“Action” and Interpretation: Political Violence, Terrorism, and Revolution in Interwar India

Thursday, January 2, 2014: 1:20 PM
Washington Room 5 (Marriott Wardman Park)
Kama Maclean, University of New South Wales
The Hindustan Socialist Republican Association (HSRA) was a peripheral but significant organization that orchestrated violent ‘actions’ aimed at British targets in interwar India. In post-colonial India, as several political interests vie to claim the HSRA’s legacy, there is debate about what the HSRA intended to achieve through violence. In nationalist historiography, they are seen as anti-colonial actors who sought to challenge Gandhian nonviolence to achieve independence. Others counter this, pointing out their revolutionary aims and positing their Marxist influence, manifested most clearly in the prison diaries of Bhagat Singh. There are many other political claims besides.

Rather than adjudicate this debate, I wish to problematize the interstice between revolutionary action and interpretation in the 1930s. This begins with a reading of the dynamics within the HSRA. There was some disagreement within the organization about what political violence – discursively construed as terrorism by the British – might achieve. Then there is the interpretation of actions by the members of the Congress, the British and by the targets themselves.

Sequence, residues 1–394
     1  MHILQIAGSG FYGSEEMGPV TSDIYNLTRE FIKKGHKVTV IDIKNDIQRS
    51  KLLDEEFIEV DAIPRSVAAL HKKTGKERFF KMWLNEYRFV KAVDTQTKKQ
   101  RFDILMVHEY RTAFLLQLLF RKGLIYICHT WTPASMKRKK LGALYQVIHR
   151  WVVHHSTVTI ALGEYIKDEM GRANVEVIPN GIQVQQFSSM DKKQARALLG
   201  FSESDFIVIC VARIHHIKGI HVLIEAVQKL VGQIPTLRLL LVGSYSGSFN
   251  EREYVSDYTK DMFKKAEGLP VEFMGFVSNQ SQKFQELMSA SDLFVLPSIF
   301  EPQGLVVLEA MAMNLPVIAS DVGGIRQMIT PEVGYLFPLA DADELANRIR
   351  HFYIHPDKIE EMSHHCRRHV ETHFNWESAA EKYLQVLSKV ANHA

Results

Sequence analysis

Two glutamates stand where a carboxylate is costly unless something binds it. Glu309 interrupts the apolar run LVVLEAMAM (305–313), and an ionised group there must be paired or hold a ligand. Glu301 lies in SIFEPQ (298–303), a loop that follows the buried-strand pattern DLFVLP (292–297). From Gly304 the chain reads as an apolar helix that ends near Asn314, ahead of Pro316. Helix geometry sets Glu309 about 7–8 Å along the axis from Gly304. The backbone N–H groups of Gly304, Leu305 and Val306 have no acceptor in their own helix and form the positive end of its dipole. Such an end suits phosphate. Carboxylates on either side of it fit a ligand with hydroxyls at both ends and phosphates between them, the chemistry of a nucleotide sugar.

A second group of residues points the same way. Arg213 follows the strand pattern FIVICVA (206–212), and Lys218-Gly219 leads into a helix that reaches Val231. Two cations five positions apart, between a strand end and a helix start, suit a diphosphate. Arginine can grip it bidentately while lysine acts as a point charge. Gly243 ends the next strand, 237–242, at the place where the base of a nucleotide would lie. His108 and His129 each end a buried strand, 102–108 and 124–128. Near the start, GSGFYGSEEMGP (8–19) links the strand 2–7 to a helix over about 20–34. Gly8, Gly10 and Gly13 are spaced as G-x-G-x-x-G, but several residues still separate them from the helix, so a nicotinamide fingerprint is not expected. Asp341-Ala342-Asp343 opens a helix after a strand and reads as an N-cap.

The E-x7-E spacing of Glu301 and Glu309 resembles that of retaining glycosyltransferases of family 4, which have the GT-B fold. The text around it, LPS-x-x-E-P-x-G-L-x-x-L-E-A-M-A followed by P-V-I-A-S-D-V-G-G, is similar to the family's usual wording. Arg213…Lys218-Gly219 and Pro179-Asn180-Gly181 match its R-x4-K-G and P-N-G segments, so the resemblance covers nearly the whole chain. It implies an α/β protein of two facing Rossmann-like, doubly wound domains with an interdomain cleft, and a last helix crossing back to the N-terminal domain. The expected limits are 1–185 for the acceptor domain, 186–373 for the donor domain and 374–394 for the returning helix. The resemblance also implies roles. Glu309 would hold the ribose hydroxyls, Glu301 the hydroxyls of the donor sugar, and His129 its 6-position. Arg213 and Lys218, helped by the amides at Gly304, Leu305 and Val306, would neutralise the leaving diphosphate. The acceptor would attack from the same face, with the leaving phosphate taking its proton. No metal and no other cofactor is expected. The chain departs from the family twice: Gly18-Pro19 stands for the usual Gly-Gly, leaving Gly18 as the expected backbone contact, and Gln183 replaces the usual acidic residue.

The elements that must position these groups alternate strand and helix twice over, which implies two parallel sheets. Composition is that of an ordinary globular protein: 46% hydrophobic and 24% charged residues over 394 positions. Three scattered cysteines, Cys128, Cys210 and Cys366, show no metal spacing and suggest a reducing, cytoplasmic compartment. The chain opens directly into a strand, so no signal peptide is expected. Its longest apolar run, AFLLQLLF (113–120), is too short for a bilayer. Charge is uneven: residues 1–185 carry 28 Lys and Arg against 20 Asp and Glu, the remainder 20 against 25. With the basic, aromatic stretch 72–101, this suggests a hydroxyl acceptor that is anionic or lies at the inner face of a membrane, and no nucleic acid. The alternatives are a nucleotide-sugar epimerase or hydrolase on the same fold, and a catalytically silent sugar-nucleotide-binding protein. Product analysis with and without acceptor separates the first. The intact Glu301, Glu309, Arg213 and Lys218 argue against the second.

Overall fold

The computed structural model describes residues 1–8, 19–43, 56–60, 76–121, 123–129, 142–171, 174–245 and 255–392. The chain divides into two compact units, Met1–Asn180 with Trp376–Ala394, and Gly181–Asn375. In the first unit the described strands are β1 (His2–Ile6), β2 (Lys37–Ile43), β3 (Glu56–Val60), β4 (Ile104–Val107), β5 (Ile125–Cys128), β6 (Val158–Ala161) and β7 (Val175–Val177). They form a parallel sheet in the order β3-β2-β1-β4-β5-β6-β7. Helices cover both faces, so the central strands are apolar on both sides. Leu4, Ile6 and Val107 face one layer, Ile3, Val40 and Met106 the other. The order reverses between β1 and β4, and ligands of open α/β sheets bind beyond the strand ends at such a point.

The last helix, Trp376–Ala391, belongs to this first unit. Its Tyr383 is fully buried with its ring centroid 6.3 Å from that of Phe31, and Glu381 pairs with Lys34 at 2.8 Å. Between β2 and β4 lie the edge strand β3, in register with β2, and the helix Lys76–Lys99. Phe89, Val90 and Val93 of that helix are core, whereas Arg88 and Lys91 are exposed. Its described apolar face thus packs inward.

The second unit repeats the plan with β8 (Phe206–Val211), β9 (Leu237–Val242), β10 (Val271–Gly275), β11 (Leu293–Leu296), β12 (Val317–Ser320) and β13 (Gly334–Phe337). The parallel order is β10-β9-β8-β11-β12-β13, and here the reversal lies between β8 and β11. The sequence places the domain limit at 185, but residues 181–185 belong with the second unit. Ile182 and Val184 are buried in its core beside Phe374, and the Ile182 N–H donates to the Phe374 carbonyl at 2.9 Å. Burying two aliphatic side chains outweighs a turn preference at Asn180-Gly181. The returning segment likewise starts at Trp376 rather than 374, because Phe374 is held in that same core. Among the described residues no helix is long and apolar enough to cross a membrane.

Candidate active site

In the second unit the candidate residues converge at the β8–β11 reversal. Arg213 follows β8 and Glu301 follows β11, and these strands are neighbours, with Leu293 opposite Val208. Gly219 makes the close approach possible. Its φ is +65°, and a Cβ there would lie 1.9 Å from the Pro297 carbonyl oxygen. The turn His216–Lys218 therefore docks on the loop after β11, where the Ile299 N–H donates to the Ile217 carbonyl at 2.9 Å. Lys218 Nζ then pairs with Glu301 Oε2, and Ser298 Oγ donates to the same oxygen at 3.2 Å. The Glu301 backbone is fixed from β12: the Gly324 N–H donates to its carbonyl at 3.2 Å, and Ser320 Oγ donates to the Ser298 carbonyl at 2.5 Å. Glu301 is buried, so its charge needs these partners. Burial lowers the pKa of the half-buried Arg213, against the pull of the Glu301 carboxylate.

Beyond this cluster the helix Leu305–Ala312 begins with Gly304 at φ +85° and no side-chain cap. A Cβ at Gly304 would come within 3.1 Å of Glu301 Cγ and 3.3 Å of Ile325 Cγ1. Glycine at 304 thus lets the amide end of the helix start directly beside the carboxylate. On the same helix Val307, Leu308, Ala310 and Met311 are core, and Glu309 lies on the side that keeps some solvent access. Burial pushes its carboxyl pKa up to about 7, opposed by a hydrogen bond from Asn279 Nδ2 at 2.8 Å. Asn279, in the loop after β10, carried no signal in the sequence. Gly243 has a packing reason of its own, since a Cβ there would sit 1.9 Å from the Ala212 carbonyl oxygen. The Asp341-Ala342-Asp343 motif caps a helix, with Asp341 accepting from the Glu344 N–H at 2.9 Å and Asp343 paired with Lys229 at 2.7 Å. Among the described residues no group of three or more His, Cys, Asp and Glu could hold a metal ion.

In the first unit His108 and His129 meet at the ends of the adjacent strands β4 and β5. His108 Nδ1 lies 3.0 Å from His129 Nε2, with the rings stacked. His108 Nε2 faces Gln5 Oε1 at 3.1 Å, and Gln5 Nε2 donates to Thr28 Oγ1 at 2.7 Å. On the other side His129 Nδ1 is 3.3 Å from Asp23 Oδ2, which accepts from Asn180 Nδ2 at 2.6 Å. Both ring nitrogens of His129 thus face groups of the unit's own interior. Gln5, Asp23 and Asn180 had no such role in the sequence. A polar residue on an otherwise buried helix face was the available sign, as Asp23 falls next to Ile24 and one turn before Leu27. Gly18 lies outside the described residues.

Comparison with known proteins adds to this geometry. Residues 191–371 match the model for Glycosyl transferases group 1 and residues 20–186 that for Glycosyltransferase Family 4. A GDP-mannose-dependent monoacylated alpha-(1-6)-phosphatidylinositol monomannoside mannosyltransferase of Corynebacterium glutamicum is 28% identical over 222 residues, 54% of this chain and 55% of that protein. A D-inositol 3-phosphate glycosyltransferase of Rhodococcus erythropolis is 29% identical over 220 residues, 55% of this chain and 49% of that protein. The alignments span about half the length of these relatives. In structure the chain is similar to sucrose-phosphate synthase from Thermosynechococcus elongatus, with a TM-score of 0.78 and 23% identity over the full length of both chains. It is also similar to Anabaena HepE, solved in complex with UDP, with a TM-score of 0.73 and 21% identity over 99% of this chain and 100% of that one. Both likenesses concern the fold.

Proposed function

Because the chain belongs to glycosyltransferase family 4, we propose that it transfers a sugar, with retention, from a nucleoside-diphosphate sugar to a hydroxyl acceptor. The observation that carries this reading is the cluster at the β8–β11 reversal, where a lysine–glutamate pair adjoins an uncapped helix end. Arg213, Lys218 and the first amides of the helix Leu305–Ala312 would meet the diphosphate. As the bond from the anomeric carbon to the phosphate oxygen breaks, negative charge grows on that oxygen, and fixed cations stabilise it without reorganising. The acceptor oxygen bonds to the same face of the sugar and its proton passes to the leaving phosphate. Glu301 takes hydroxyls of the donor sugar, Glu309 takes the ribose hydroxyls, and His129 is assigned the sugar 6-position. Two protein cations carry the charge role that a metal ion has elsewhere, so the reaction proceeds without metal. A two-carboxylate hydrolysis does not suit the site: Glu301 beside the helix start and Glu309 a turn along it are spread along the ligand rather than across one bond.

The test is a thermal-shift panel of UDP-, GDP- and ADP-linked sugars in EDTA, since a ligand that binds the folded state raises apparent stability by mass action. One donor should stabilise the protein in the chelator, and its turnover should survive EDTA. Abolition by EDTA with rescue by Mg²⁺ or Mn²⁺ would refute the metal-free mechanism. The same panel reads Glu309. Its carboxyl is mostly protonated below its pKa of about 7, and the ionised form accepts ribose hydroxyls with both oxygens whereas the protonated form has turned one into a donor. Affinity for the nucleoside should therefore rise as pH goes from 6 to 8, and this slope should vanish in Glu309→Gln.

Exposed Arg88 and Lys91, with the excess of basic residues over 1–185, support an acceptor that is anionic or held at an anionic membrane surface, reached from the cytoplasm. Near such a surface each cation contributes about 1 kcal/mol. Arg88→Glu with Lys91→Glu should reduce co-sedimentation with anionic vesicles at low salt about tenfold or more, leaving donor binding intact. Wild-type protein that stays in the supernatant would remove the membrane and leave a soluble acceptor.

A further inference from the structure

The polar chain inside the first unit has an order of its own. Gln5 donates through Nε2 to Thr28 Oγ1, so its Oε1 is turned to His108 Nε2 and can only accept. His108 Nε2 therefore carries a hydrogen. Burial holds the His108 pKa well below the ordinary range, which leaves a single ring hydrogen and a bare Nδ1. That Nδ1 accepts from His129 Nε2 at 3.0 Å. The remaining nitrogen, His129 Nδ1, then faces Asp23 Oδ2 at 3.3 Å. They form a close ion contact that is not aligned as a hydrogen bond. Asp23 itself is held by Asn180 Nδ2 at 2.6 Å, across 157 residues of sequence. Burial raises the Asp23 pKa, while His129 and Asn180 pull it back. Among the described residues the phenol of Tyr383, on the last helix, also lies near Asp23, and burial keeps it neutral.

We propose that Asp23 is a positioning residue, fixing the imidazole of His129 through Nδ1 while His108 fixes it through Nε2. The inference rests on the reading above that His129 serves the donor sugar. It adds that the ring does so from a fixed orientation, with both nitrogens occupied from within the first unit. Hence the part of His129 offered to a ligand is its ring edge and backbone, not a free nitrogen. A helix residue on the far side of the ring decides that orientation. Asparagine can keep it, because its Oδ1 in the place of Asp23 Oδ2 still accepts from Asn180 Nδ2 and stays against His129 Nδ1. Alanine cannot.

I will focus on the HSRA’s attempt to assassinate the Viceroy, Lord Irwin, in 1930, just days before the annual Congress in Lahore. This particular ‘action’ was planned by the HSRA’s central committee, but subsequently cancelled when it was realized that it would place undue pressure on the annual Congress at Lahore.  The Lahore Congress was to consider escalating the nationalist demand from dominion status to complete independence, and to embark upon a program of civil disobedience.

A faction of the HSRA proceeded with the plot, keen to pressure the Viceroy and demonstrate to the Congress (especially Gandhi), the support that the revolutionaries enjoyed. The public interpretation of the ‘action’ provided an additional layer of analysis, as did the reaction of the Viceroy, who maintained an exemplary stiff upper lip throughout.